The Grand Line: Symphony Silicon Valley

Pianist Jon Kimura Parker

Happy is the ensemble that relishes its own sound. While only two staples of the Romantic style – the Brahms Piano Concerto No. 2 in B-flat Major, Op. 83 and the Dvorak Symphony No. 8 in G Major, Op. 88 – made up the program for Symphony Silicon Valley’s concert of January 19 at the California Theatre, conductor Daniel Meyer had the orchestra execute with the kind of sonorous homogeneity that allows the players themselves to enjoy the integration of their respective parts into an aesthetically satisfying whole. With the participation of this evening’s piano soloist, Jon Kimura Parker, in the Brahms, the collaboration found blissful expression in the program, designed to please an audience committed to the proven classics.

Veteran pianist Claudio Arrau had made a point of the Brahms keyboard technique, an especial touch and span required for the performance of his two concertos, of which the B-flat Major (1881) treats the instrument both as a massive solo voice and an obbligato part, as if the music had assumed “baroque” proportions that demand a potent continuo. Jon Kimura Parker and conductor Meyer decided on broad, leisurely tempos, so the music – often proceeding from the solo French horn (Meredith Brown) to announce a Do-Re-Mi motto theme –- spread a luxurious tapestry that included a majestic march and subsequent episodes that could dance, even in the minor keys. Parker’s crisp attacks could achieve thunderous sonority –- as in the early cadenza that echoes aspects of Beethoven’s “Emperor” Concerto – and diaphanous lightness in jeweled chains of arpeggios and scalar modulations far afield of B-flat major. The demonic Allegro appassionato in D Minor, the scherzo, made lightning as well as thunder, then blazed into D Major so that Meyer, too, vaulted the skies in sounding brass and ardent trumpets (James F. Dooley and John King) and tympani (Robert J. Erlebach, Jr.). 

For many an auditor, the heart of the concerto lies in its Andante movement, a lyrically extended nocturne in the Italian style that combines the songful solo cello (Evan Kahn) with the keyboard, a combination that would later become the lied from Op. 105, Immer leiser wird mein Schlummer. Even after a passionate, darkly hued outburst, Brahms returns to his solo cello (in F-sharp Major) to cap off the basic ternary form. Marked Piu adagio, this transition had Parker’s projecting the depth of personal intimacy, finally resolving into a dialogue between Parker and two clarinets. The composer’s long association with “Roma” or gypsy-style comes to the fore in the last movement, Allegretto grazioso, a charming rondo that granted Parker some explosive bravura, though without the support of trumpets and tympani. The movement enjoyed a feline grace, suppleness, and naturalness of expression that projected the ripest of musical fruits, a true feast for the ear that compelled our gifted soloist to perform an encore, Scott Joplin’s serene ragtime stride, “Solace.”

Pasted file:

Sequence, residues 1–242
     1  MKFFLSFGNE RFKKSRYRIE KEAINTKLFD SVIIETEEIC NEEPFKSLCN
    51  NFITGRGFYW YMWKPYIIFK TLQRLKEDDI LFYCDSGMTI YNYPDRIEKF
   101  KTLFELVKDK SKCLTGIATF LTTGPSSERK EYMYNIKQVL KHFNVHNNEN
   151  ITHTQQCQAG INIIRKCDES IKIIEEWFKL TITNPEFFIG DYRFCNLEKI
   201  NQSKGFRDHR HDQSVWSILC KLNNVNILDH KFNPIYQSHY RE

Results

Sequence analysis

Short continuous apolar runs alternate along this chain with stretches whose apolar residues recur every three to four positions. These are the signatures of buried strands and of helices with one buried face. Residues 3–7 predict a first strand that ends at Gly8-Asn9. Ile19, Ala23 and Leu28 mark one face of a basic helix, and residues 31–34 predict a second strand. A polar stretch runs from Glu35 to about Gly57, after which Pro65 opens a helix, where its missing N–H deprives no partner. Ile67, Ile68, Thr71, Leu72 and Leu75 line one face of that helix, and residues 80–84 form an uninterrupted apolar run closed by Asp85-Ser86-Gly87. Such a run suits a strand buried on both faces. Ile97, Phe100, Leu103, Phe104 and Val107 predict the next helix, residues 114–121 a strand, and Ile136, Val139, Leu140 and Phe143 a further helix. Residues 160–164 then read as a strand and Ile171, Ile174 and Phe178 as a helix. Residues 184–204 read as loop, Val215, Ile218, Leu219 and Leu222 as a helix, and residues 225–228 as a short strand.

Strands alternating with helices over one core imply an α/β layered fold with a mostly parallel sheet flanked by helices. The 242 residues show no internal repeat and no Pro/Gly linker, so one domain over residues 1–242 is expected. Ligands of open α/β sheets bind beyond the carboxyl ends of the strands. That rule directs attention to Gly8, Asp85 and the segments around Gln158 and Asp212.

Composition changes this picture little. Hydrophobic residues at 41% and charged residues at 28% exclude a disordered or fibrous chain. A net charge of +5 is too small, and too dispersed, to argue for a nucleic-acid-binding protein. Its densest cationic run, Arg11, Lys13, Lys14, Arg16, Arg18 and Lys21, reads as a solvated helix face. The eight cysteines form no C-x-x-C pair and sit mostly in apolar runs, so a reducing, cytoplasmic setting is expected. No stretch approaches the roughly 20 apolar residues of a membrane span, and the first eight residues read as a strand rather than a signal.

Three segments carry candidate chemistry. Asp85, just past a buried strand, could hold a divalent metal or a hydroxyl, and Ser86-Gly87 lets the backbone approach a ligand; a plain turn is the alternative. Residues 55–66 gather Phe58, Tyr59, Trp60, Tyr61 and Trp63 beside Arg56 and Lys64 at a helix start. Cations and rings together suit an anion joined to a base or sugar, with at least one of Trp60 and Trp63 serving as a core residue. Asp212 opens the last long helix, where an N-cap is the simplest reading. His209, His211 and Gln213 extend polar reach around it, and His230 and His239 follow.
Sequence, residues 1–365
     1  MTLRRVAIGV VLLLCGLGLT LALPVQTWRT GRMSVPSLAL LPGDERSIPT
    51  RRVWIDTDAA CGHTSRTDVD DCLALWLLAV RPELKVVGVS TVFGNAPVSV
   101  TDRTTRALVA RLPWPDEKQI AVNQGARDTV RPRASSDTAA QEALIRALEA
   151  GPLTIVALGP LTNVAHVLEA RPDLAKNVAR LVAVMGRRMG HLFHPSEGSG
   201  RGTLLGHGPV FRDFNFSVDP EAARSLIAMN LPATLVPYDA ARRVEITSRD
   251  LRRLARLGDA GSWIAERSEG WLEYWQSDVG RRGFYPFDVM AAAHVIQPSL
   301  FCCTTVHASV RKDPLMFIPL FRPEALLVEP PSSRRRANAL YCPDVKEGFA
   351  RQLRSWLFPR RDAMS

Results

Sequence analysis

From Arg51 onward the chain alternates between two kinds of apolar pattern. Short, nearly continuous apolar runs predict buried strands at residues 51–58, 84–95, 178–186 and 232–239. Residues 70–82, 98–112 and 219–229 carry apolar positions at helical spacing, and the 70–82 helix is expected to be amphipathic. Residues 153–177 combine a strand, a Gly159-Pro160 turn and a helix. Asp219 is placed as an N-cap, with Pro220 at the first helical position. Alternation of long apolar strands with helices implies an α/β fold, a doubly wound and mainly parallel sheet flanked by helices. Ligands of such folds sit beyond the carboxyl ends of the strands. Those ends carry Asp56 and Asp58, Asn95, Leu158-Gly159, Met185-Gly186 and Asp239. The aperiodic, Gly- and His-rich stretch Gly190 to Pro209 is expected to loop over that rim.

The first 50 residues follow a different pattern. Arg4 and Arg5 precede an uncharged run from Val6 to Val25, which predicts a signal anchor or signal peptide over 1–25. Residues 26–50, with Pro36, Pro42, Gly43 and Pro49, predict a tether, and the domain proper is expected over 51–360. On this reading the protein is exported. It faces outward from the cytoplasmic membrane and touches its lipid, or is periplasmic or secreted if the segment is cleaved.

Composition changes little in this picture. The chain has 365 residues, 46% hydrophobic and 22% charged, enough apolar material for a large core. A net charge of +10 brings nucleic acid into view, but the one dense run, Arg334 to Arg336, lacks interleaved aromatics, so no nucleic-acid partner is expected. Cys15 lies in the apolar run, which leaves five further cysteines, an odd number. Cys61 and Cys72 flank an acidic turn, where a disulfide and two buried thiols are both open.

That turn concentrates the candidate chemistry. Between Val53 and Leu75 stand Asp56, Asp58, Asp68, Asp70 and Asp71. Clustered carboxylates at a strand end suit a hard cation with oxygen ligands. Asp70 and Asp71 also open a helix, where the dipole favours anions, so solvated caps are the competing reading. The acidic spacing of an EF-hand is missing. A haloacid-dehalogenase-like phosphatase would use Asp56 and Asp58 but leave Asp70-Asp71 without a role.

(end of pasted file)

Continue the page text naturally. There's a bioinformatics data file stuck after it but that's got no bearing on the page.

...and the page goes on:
Antonin Dvorak’s Symphony No. 8 in G Major, Op. 88 (1889) proffers a marvelous combination of national, Czech energies and a soaring pantheism, a richly colored paean to Nature. Conductor Meyer and the Symphony Silicon Valley demonstrated the composer’s seamless sense of style and orchestration, each movement unfolding with an irresistible array of lyricism, drama, and instrumental acumen. From her earliest appearance, in the G Minor opening sequence, principal flute Sarah Benton made her liquid presence known; and, by the end of the work, with its blazing final “Slavonic dance” coda, the orchestra members themselves clamored for her solo bow, given the richness of her solo variation episode.  

It soon became apparent that the Symphony comprises nothing less than a troupe of gifted soloists, so the lovely second movement violin solo by Robin Mayforth held us in temporary thrall. The big moments, rich in brass and string sonorities, made both the second and last movements particularly resonant with Dvorak’s melodic power and his illuminated fanfares. Again, the enchanted mystery of the work arises in the Allegretto graziosothird movement, a haunted, syncopated waltz that ends with a tripping Bohemian duple-meter dance marked Molto vivace that exploits the movement’s trio section materials. The last movement, for all its national flavor, reminded us of how much of the Great German Tradition Dvorak had imbibed, the sense that both Beethoven and Schumann inform his grand line and often monumental drama. The wonderful, textural contrasts, the dynamic between intimate, solo passages and striking tuttis, had us grateful for the homogeneous ensemble and the sense of aesthetic closure they bring to the music they champion.

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Archived in these categories: Classical Era, Orchestral, Piano, Romantic Era.
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